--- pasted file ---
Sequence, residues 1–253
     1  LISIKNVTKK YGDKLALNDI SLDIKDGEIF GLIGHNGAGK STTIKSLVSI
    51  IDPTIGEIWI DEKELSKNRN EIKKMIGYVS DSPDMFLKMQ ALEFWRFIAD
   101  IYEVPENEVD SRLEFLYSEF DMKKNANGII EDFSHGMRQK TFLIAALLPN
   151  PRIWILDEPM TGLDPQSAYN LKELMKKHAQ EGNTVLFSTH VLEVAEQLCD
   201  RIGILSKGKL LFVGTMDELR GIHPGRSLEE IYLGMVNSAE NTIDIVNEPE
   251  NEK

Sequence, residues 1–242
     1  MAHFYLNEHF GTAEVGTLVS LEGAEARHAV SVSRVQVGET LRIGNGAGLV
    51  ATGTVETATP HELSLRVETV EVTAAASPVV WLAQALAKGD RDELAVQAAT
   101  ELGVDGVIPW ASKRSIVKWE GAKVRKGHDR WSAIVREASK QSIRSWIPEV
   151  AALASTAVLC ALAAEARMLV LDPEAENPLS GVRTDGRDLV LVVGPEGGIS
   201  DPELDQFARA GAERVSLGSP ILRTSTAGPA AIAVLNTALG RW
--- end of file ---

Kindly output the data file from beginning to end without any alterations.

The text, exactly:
Sequence, residues 1–253
     1  LISIKNVTKK YGDKLALNDI SLDIKDGEIF GLIGHNGAGK STTIKSLVSI
    51  IDPTIGEIWI DEKELSKNRN EIKKMIGYVS DSPDMFLKMQ ALEFWRFIAD
   101  IYEVPENEVD SRLEFLYSEF DMKKNANGII EDFSHGMRQK TFLIAALLPN
   151  PRIWILDEPM TGLDPQSAYN LKELMKKHAQ EGNTVLFSTH VLEVAEQLCD
   201  RIGILSKGKL LFVGTMDELR GIHPGRSLEE IYLGMVNSAE NTIDIVNEPE
   251  NEK

Sequence, residues 1–242
     1  MAHFYLNEHF GTAEVGTLVS LEGAEARHAV SVSRVQVGET LRIGNGAGLV
    51  ATGTVETATP HELSLRVETV EVTAAASPVV WLAQALAKGD RDELAVQAAT
   101  ELGVDGVIPW ASKRSIVKWE GAKVRKGHDR WSAIVREASK QSIRSWIPEV
   151  AALASTAVLC ALAAEARMLV LDPEAENPLS GVRTDGRDLV LVVGPEGGIS
   201  DPELDQFARA GAERVSLGSP ILRTSTAGPA AIAVLNTALG RW